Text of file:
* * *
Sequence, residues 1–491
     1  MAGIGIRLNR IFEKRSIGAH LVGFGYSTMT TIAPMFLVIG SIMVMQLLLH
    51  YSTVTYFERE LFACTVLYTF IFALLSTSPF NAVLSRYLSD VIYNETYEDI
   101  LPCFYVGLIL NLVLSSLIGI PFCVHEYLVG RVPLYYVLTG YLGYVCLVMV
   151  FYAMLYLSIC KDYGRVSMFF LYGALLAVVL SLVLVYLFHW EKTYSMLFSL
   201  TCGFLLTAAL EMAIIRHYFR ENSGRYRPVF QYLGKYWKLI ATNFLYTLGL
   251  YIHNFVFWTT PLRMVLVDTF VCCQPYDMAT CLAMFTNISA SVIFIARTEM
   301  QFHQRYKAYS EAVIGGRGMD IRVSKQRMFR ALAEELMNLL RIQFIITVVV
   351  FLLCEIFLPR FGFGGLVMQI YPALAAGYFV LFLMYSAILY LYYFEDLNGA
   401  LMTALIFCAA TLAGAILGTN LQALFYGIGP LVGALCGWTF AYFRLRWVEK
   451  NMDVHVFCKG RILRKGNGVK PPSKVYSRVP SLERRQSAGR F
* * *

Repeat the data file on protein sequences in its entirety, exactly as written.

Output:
Sequence, residues 1–491
     1  MAGIGIRLNR IFEKRSIGAH LVGFGYSTMT TIAPMFLVIG SIMVMQLLLH
    51  YSTVTYFERE LFACTVLYTF IFALLSTSPF NAVLSRYLSD VIYNETYEDI
   101  LPCFYVGLIL NLVLSSLIGI PFCVHEYLVG RVPLYYVLTG YLGYVCLVMV
   151  FYAMLYLSIC KDYGRVSMFF LYGALLAVVL SLVLVYLFHW EKTYSMLFSL
   201  TCGFLLTAAL EMAIIRHYFR ENSGRYRPVF QYLGKYWKLI ATNFLYTLGL
   251  YIHNFVFWTT PLRMVLVDTF VCCQPYDMAT CLAMFTNISA SVIFIARTEM
   301  QFHQRYKAYS EAVIGGRGMD IRVSKQRMFR ALAEELMNLL RIQFIITVVV
   351  FLLCEIFLPR FGFGGLVMQI YPALAAGYFV LFLMYSAILY LYYFEDLNGA
   401  LMTALIFCAA TLAGAILGTN LQALFYGIGP LVGALCGWTF AYFRLRWVEK
   451  NMDVHVFCKG RILRKGNGVK PPSKVYSRVP SLERRQSAGR F